• Mix 15-20 drops of mint essential oil or mint extract with 8 ounces of water. If you or your child will be heading into a high risk environment (camp, sleep over, movie theater chairs, etc), spray hair with the mint mix. Tea tree oil works in place of mint, as well. Lice are repelled by the smell.
  • Dry hair at the roots using a hair dryer. The heat will kill lice and dry out nits before they can colonize. A low-heat setting is sufficient. No need to sear a hole in your brain.
  • Use hair products or styling appliances, if appropriate. Lice cannot get an adequate hold onto hair that is coated with gel or hair spray, etc. And the heat of flat irons and curling irons does not make lice feel cozy and welcome.
  • Put girls’ hair up into pony tails or buns. While wind in the hair is great for a photo shoot, it’s also conducive to fly-away-hair-contact with other people’s hair in the photo shoot.

There it is, boys and girls. There’s really no need to be ashamed or embarrassed. It’s not our cleanliness, habits, or lifestyles that cause us to get lice. Or prevents us from getting rid of them. Rather, it’s all the obnoxious misinformation that sets us up for exposure and treatment failure.

Stop the madness, I say!! Maybe we need lice awareness ribbons? T-shirts that say, «I had lice, not the bubonic plague»? Bumper stickers that read, «Honk if you’re a lice slayer»?

patch.com

Does Hot Water Kill Bacteria?

The Spruce / Candace Madonna

People who hand-wash a lot of dishes often wonder whether hot water kills germs. Others want to know if hot water kills germs in the laundry. And some people want to save a little money and use cold water for both dishwashing and laundry. Does anyone have it right? Yes and no. Hot water is capable of killing some germs, but the real question is, how hot must the water be, and for how long do the germs have to be exposed to it?

Too Hot for Hand-Washing

While it is possible to kill some bacteria with hot water alone, the water has to be at a temperature well above what your skin can tolerate. Most people can tolerate a temperature of 110 degrees for a short time, but that’s about it.

Specific water temperatures for killing germs are difficult to pinpoint, but drinking water provides a good reference. To sanitize water for drinking, the Environmental Protection Agency (EPA) recommends boiling the water for at least 1 minute, at altitudes up to 5,000 feet. At higher elevations, water should be boiled for 3 minutes. So that’s 212 degrees F (at sea level) to reliably kill bacteria and pathogens to make water potable. By contrast, most dish and clothes washing are done at temperatures lower than 120 degrees (the standard-setting on home hot water heaters), so it’s not safe to assume you’re killing a lot of germs with the hot water.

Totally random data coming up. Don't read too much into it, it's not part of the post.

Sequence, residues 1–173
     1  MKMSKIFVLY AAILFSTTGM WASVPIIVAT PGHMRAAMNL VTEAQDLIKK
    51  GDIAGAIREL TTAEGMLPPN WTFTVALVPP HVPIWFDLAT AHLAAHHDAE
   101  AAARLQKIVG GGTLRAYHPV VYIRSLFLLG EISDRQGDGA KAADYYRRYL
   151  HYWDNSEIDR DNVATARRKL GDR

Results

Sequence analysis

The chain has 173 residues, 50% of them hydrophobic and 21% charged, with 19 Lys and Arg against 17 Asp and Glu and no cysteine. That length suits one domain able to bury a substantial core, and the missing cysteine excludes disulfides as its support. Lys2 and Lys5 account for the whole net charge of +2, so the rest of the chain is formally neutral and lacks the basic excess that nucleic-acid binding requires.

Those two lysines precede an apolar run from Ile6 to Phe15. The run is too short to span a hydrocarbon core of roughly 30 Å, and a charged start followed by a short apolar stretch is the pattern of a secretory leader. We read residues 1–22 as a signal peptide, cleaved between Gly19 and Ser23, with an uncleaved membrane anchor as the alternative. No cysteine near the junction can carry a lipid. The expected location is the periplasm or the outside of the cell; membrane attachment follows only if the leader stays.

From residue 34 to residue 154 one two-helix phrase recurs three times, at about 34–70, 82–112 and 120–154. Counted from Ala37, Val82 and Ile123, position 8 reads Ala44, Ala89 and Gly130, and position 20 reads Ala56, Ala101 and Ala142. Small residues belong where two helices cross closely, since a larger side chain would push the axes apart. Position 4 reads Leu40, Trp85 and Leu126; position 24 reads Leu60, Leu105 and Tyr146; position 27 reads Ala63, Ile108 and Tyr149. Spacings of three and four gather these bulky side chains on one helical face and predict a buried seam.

Hot Water Does Aid Cleaning

Even it hot water doesn’t kill much bacteria, it does help to get your dishes and clothes cleaner, thus ridding them of potential hosts for bacteria. Hot water and detergent together attack oils and grime. That oil and grime that you rinse away with the water contains bacteria or could otherwise host bacteria. Without hot water, the detergent is less effective, and oily dishes and clothes don’t get as clean.

How to Sanitize Dishes and Clothes

Since it’s not feasible to sanitize your dishes or clothes with boiling water, you have to use a disinfectant. With laundry, you can wash the clothes and disinfect at the same time, using an appropriate disinfecting detergent for the wash cycle. To sanitize dishes, you must wash the dishes first, then soak them in a sanitizing solution to kill bacteria. The easiest reliable method to sanitize dishes is to use chlorine bleach:

1. Prepare a solution of 2 teaspoons household bleach per gallon of water in a clean sink or washing tub.

2. Wash the dishes thoroughly with hot water and your favorite dish detergent, then rinse. Be sure to do this in a separate sink basin or washing tub from the bleach solution.

3. Soak the washed dishes in the bleach solution for at least 2 minutes. The dishes must be submerged.

4. Lift each dish out and drain it into the sink, then air-dry it on a clean dish rack.

Warning

Do not use a bleach solution with aluminum, iron, plain steel (non-stainless), or enameled cookware with chips or exposed metal. Bleach accelerates rust.

There are very good reasons why you must wash the dishes first and air-dry them. Washing the dishes removes food and oils that would reduce the effectiveness of the bleach solution. Air-drying prevents cross-contamination from drying multiple dishes with the same towel (and towels are common hosts for bacteria).

www.thespruce.com

4 Natural Remedies to Treat Head Lice

I am scratching my head while I write this post. No, I don’t have head lice dwelling on my head. It’s just the thought of these crawly little bugs that’s making me scratch.

Lice live on human head, feeding on blood they suck from the scalp. They are so tiny and fast that it’s difficult to get them and get rid of them. And their eggs are stubbornly attached to hair shaft close to the scalp. Picking these eggs can be painful and often without much success. It’s as if the mother louse is on a mission to lay eggs on every hair shaft on the head, so we are left helpless and our head scratchy and bruised.

Head lice infestation is a world-wide menace. It doesn’t matter if you wash your hair every day, every alternate day, once a week or never ever (yekss!) – anyone can get head lice, regardless of personal hygiene. And any age group can get lice. Although, it’s specially more prevalent among children, who have more head to head contact with other children. Also girls are more likely to get them – for some unknown reason (or simply because female blood tastes better :[[[)